I think a fair amount of this results from our culture having lost a sense of tragic vision in regards to nature — we naturally assume that unless some active force comes along and makes things bad, that they will be good. This could not be farther from a traditional view of nature. While neo-pagans are sure that being “in tune” with nature would be a blissful and pleasant state, real pagans of the ancient world saw the natural forces that were bound up with their gods as capricious, sometimes cruel, and almost always unconcerned with the impact of their actions upon mortals.
“I think everyone has a secret resentment against God, against our very creation, against the fact of our being what we are. Freud called this the death wish, resentment against being born into this pain-full world.”
Peter Kreeft says something surprising in Back to Virtue: that we need to learn to forgive God. He is quite clear that this is not for any evil or debt he owes us, but for His goodness. As Kreeft says in his book, God loves us more than we would like, and we need to forgive him for interfering with our foolish will again and again”. We need to “forgive him for his blessed but painful surgery on our spirits.”
At first, I thought Kreeft was wrong. Forgive God? Why would we lowly creatures need to forgive God, who is infinite goodness? How absurd! Then, giving the great Peter Kreeft the benefit of the doubt, I thought it over and had a realization of sorts. We need to forgive God lest we hold a grudge against Him. God calls us out of ourselves. He asks us to give up ourselves and our particular desires, and this can be very difficult, even aggravating. Our broken nature rebels against God’s will. We must say with Jesus, “not my will Father, but yours be done,” but we do not want to. We often say, leave me alone to what I want! Christians say this even when they know this is foolishness. We are broken and part of our brokenness is a wrong-relationship with God: we blame him when he is not at fault. Our hearts must be at peace with God. And our hearts, misshapen as they are, cannot be at peace with God unless we forgive him. How ridiculous we are!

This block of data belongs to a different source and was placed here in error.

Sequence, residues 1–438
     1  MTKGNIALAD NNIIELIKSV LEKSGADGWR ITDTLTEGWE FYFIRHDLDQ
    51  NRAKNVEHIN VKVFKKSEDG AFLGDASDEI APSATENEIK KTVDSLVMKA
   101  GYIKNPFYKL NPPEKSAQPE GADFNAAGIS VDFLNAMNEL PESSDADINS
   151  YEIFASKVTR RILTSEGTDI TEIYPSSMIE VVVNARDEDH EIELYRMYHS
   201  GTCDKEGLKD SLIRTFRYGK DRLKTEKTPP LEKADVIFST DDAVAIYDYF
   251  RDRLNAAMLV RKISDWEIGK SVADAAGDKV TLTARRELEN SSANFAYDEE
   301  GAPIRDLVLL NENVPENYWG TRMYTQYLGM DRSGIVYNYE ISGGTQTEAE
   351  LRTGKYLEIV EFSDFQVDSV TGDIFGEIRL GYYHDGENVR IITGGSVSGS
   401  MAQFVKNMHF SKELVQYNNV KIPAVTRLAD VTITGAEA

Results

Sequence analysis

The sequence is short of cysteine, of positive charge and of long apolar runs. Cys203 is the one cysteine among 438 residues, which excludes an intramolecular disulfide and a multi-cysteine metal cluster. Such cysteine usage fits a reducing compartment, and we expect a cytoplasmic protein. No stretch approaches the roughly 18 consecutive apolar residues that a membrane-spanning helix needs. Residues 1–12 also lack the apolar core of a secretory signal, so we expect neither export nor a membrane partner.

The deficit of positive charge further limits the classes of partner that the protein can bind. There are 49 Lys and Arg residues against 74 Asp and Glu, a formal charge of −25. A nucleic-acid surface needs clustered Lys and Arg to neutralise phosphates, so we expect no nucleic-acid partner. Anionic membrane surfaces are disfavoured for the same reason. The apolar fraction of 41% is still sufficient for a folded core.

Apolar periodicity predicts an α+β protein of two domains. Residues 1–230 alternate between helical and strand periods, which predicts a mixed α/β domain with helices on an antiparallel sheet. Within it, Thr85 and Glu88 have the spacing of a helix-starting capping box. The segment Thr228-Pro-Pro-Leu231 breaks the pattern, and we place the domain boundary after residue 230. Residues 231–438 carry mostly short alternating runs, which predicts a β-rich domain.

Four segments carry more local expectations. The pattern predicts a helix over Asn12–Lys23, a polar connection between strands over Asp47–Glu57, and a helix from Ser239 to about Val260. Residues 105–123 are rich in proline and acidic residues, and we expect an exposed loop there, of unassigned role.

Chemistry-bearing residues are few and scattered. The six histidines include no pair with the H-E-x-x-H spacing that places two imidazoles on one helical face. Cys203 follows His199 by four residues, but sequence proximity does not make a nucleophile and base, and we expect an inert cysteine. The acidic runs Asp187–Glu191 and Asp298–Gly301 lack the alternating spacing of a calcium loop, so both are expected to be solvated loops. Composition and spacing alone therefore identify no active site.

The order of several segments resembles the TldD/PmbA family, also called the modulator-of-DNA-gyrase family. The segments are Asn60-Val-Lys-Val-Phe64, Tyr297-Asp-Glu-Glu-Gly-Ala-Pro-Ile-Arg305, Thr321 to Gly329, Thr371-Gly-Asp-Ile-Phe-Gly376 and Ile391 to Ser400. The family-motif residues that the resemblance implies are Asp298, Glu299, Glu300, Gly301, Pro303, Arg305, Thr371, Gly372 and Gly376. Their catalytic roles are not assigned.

The New York Times runs an article about how the national leaders of the Boy Scouts of America are seeking to address concerns about shrinking membership as they celebrate 100 years of boy scouting in the US. The number of boy scouts has declined 42% since it’s peak in 1978, with 2.8 million boys currently in the Scouts.
To judge from the commentariat at the Times, you would think this is entirely the result of the BSA remaining firm in their ban of gay scout leaders and statement that “homosexual conduct is inconsistent with obligations in the Scout Oath.” Not to mention saying that boys who refuse to recite the Scout Oath because of its references to God and reverence may simply not have a place in the program. Commenters claiming to be Eagle Scouts line up one after another in the comments to announce that no son of theirs will ever be a member of the Scouts while it remains homophobic and theocratic.
Kathryn Elizabeth “Kate” Smith (May 1, 1907 – June 17, 1986) was an American singer, best known for her rendition of Irving Berlin‘s “God Bless America“. Smith had a radio, television, and recording career spanning five decades, reaching its pinnacle in the 1940s.
Smith was born in Greenville, Virginia. Her professional musical career began in 1930, when she was discovered by Columbia Records vice president Ted Collins, who became her longtime partner and manager. Collins put her on radio in 1931. She appeared in 1932 in Hello Everybody!, with co-stars Randolph Scott and Sally Blane, and in the 1943 wartime movie This is the Army she sang “God Bless America”.
Late in the following video you’ll see a young Lt. Ronald Reagan make a cameo. 39 years later President Ronald Reagan awarded Kate Smith the Presidential Medal of Freedom America’s highest civilian honor.
God mend thine every flaw,
Confirm thy soul in self-control,
Thy liberty in law!
As we celebrate our Independence from the British Empire, let us remember our total dependence on God.
It may sound too simple or even too silly to be taken seriously- but I would say that looking back over my own life, and being in a perpetual teen world courtesy of my employment as a high school religion teacher- it would be hard to overplay the damage of this “Problem-Free Philosophy”.